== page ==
Thursday, 9 July 2015

Two Aqueducts

A casual start to the day as we only planned to cruise for two hours.  The first task of the day was for Jan to walk to Sainsbury’s and then we moved forward to the CRT facilities block above Bradford Lock to dispose of the rubbish and top up the water tank.  Bradford Lock is probably the deepest we have seen in some time.  The Bradford on Avon Tithe Barn is on the other side of the lock. 

tithe barn

It’s a 14th century Grade II listed building which was originally owned by the nuns of the nearby Shaftesbury Abbey and used to store tithes during the middle ages.  Farmers were charged a 10% levy to store their produce in it.  The building is now owned by English Heritage.  We’ll try to have a better look inside on our return.

Further down the canal was a boat with interesting exterior paintwork.

boat scheme

We first noticed this boat passing us when we were based in Aldermaston back in 2011.  I wonder of it’s vinyl rather than paint?

Our first aqueduct was Avoncliffe.  I had walked down to it last night to take some photos.

avoncliffe

avoncliffe river

Looking back towards Bradford on Avon

The aqueduct takes the canal from the south to the north side of the River Avon below.  There were a long line of moored boats between Bradford and the aqueduct and we were hoping it would be different beyond.  Actually one of the first things we noticed on today’s cruise was the scenery was much more attractive.  Even the light rain didn’t dampen our enthusiasm. 

A little over 90 minutes later we reached Dundas Aqueduct which would take us back over the River Avon. 

It was 11am and the 48 hour moorings on the north side of the aqueduct were empty.  We had only just moored when a day trip boat arrived behind us and proceeded to moor on the opposite side.

no mooring

We were bemused to see them moor beside the large “Private Moorings” “Permit holders Only” sign.  They were the first of three hire boats who were chased off the mooring by the local boaters.

waiouru dundas

After lunch I wandered off to have a good look around the local area.  A steep set of steps will take walkers down to the base of the aqueduct.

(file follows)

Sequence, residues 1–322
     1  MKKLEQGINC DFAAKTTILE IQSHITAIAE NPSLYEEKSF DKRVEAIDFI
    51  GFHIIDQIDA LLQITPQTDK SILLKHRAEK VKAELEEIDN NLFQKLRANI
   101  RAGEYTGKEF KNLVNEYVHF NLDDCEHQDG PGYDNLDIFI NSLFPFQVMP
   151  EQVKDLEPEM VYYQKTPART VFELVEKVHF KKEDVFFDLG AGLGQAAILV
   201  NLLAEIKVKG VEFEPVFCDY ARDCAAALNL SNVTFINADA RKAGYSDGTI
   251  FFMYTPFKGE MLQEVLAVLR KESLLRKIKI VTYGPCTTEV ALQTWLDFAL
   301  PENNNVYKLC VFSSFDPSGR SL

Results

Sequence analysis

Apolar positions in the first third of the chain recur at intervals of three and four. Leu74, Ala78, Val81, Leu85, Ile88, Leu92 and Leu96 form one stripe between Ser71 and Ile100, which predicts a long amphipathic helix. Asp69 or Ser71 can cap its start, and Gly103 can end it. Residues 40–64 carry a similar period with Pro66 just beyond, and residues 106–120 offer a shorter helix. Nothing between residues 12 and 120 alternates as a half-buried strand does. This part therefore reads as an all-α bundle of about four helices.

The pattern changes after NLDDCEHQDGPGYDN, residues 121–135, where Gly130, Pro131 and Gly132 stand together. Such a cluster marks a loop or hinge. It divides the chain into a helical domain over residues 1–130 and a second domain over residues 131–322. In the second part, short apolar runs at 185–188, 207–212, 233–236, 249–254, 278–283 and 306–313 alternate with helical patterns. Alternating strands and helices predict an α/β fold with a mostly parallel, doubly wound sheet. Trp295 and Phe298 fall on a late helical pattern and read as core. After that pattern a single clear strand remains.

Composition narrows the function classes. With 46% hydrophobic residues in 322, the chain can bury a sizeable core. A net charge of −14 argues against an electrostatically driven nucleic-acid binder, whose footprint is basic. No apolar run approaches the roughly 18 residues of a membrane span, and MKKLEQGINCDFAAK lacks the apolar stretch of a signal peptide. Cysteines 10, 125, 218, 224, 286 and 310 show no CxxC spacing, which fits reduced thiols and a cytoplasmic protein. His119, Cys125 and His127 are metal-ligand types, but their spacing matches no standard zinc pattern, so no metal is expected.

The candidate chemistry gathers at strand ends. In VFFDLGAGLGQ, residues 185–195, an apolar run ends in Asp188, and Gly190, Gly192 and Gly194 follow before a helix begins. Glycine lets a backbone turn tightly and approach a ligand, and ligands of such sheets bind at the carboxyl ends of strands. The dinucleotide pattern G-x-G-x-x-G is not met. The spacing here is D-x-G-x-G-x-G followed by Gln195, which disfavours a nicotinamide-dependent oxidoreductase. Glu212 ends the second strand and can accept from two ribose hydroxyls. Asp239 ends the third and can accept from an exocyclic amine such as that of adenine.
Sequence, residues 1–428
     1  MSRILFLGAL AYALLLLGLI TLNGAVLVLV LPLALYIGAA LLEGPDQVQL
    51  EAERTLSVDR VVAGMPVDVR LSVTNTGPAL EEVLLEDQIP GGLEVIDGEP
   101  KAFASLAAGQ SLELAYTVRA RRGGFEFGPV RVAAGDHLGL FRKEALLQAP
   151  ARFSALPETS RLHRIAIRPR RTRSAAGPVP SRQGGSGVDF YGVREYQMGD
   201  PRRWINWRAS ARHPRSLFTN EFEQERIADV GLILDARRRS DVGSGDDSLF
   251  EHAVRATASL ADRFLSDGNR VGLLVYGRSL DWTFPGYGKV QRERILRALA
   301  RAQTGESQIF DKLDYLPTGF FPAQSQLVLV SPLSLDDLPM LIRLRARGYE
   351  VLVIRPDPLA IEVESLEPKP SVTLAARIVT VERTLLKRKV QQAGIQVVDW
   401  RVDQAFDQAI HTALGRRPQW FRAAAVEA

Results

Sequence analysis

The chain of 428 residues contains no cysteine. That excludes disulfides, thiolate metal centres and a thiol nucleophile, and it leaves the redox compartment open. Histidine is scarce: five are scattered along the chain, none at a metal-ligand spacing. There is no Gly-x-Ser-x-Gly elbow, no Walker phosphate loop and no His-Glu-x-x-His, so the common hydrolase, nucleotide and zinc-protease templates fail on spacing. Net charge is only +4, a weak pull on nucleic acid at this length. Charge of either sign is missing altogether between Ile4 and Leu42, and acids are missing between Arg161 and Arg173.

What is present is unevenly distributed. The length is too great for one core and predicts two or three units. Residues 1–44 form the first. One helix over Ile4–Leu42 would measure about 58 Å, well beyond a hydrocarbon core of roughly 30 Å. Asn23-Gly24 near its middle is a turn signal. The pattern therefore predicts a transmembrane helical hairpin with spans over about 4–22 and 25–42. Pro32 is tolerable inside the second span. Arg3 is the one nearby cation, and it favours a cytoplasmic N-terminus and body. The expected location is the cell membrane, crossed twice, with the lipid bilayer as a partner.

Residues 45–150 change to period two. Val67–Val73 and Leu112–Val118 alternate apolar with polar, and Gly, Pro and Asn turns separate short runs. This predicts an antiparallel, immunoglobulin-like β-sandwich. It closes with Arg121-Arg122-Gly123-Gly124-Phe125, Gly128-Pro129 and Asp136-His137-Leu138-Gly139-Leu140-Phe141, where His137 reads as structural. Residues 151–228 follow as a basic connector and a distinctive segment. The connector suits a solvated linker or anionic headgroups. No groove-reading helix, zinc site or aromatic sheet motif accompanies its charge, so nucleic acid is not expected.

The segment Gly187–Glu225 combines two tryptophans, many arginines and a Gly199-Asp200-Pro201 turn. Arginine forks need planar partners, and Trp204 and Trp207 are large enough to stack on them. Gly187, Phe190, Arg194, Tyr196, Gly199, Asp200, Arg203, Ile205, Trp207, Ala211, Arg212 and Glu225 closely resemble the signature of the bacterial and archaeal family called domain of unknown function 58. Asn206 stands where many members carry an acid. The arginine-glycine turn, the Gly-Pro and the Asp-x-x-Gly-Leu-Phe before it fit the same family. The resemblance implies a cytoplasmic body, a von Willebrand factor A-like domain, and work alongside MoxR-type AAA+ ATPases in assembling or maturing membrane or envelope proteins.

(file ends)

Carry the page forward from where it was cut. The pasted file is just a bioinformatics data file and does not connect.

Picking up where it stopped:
dundas aqueduct

Completed in 1805 and built from local Bath stone, it has three arches.  What I found particularly interesting were all the symbols carved into the individual stones.

stonemark1stonemark2stonemark3stonemark4stonemark5stonemark6

My assumption is these are the original markings used by the stonemasons to identify their work.  They would probably have been paid by the “piece”.

At the far end of the aqueduct and to the left is the entrance to the long derelict Somerset Coal Canal.  I seem to recall reading about the canal prior to arriving in the UK.  If  I am right it had a very short life as the coal was rapidly exhausted.  It also had some unusual locks?

somerset coal canal The canal is still navigable to the A36 bridge.  There’s a cafe and boatyard at the end.  The canal is still in water under the bridge and it looks as If  the boatyard uses it as a wet dock.  Looking over the opposite side of the bridge just revealed undergrowth.

canal end somersetPhoto taken from the bridge looking back along the arm.

The local fishermen are obviously used to the local traffic.  Unlike those we have seen elsewhere on the network these don’t take flight when you approach them.  Actually he ignored us!

heron

2 comments :

Brian and Diana on NB Harnser http://nbharnser.blogspot.com said...

Its a paint job, not vinyl. I had a close look when we were down there.

Tom and Jan said...

I guess it was either self done as a labour of love or damned expensive. I hate to repair any scratches!